Did we like it?
Rather than being a peek behind the scenes at the writhing innards of the Little Britain phenomenon, it appeared that one layer was stripped away to reveal another stratum of performance.
What was good about it?
• Matt Lucas was clearly the most open of the pair and his timidity and nervousness as he prepared to go on stage in a sketch provided an insight into how even seasoned professionals still get the jitters.
• We’re not quite sure that if this should go in the ‘good’ or ‘bad’ sections as David Walliams’ Des Kaye who has been revived after vanishing from the TV series to host the audience participation game ‘find the sausage’, which inevitably ends up with a young man’s buttocks on show as Kaye tries to have sex with him. On the one hand it does show a willingness to stray beyond the boundaries of sloth that they seemed to have resided in since the second series, but on the other hand it can cause real offence which was shown when David received a letter from a distressed member of the audience for whom the charade brought back memories of the very real abuse he had once suffered. While David justified it with the comics’ cliché that anything is fair game for comedy, the jape did appear to be to innovate rather than to grossly offend.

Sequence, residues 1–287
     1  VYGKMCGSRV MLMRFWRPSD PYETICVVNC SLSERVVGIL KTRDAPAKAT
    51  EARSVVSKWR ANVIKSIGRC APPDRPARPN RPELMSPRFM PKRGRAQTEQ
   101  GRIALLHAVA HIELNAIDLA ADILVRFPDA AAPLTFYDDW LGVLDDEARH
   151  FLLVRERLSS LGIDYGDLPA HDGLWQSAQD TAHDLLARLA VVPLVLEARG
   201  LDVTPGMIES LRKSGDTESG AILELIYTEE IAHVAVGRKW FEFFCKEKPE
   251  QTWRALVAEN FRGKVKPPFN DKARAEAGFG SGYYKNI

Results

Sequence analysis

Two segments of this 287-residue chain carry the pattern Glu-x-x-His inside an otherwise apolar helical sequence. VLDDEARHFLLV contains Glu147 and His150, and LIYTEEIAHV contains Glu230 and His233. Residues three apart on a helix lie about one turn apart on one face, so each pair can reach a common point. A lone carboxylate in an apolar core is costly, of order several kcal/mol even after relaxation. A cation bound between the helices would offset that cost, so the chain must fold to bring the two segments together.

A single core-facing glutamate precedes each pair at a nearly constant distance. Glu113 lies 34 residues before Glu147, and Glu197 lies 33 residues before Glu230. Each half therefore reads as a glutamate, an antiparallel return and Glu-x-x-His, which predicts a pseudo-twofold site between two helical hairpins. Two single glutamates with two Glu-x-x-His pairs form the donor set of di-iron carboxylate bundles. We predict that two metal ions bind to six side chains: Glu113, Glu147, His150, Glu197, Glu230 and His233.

• Both Matt and David seem to have realised Little Britain has run its course, at least in its current format. They could continue to peddle this show around the world for the next decade and make pots and pots of money but at the same time dig a hollow grave of worthlessness in their hearts. Both are talented and whether working together or separately will no doubt produce some fantastic TV in the near future.
What was bad about it?
• When Matt and David visited Dame Edna, which while quite funny was demeaned when the camera pulled back to reveal she had been performing to a small audience all the time.
• Andy and Lou’s cameo on Neighbours which was as pointlessly indulgent as the Pet Shop Boys’ some decades before.
• Apart from the odd moment, there was very little perspective of what the pair are like when not performing. Even backstage, David would camp it up like he does on Eight out of Ten Cats, while Matt would leer aimlessly into the camera like a mouse standing stock still waiting for the predating kestrel to pass overhead.
• Some of the sketches have aged very poorly. Even believing that something like Vicky Pollard, who once defined a generation of morons, was once funny is akin to peering incredulously back through history at the belief that affixing leeches to the skin cured fever. Although, it may have been more to do with Matt’s inability to remember his lines.